Because the Wertheim rule, as applied by Drinkware, is a merely necessary condition, there may be other necessary conditions. For example, to be valid, a patent must also satisfy 101, 102, 103, 112, and every other condition of patentability. (Mark Lemley has enumerated most of them in his article The Fractioning of Patent Law). So the existence of the Wertheim condition here does not imply (as you seem to suggest) an absence of other conditions. There are plenty of other conditions.

One of the other conditions is that the provisional must provide support for the relied-on disclosure, if that disclosure is going to be used (as of the provisional's filing date) as prior art. For that rule, you can simply read the text of former 102(e), or read decisions such as:


It is also common sense. It would be manifestly unjust to use a provisional's filing date as prior art, if the relied-on disclosure didn't exist by that date and was only added later.

BTW, I think my comment above confuses two things:

1. necessary condition for claim validity
2. necessary condition for claim invalidity

Let me clarify. The Drinkware decision writes that satisfying Wertheim is a necessary condition for invalidating a patent under 102e. So there may be other necessary conditions, such as the traditional disclosure requirement, which is discussed in the Giacomini case and flows from the language of old 102(e).

By *analogy*, there are many necessary conditions for patent validity. A valid patent must be new. But it must also be nonobvious. And it must also satisfy 112. Etc.

The point, in both cases (necessary conditions for invalidity under 102e, and necessary conditions for validity in general), is that a decision discussing one necessary condition need not discuss other necessary conditions. In the context of necessary conditions for invalidating under 102(e), a court that discusses Wertheim does not need to discuss Giacomini, if the Wertheim rule is not satisfied.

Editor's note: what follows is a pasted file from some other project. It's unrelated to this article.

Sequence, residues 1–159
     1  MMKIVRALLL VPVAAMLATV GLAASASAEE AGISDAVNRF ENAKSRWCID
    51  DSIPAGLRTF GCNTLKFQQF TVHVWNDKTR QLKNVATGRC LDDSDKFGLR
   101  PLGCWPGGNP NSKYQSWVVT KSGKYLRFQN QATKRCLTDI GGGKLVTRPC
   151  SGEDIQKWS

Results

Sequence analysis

Similarly, in the context of necessary conditions for patent validity, a court that finds a patented invention old does not also need to discuss obviousness. Nor does it need to discuss section 101, or section 112. The existence of one necessary condition does not imply the absence of other necessary conditions. And, if one necessary condition fails, then the court can move on, because all necessary conditions must be satisfied for the relevant party to win - if a single necessary condition fails (e.g., if the Wertheim rule is not satisfied), then it's game over.

Skeptical, re "I just don't think that you need to go further than merely identifying that not everything in a non-provisional rightly earns a critical date of the "parent" provisional." Yes, but is not the Fed.-Cir.-confused issue here how that "identifying" is to be done, OTHER than the easy case when the subject disclosure was simply not present in the provisional as of the provisional filing date?
P.S. Yes a single reference 103 is unusual, and I was merely simplifying the question with that, but why is that not possible under KSR in some cases? By a missing non-novel claim element being provided by KSR's plurally-repeated "common sense" of the POSITA?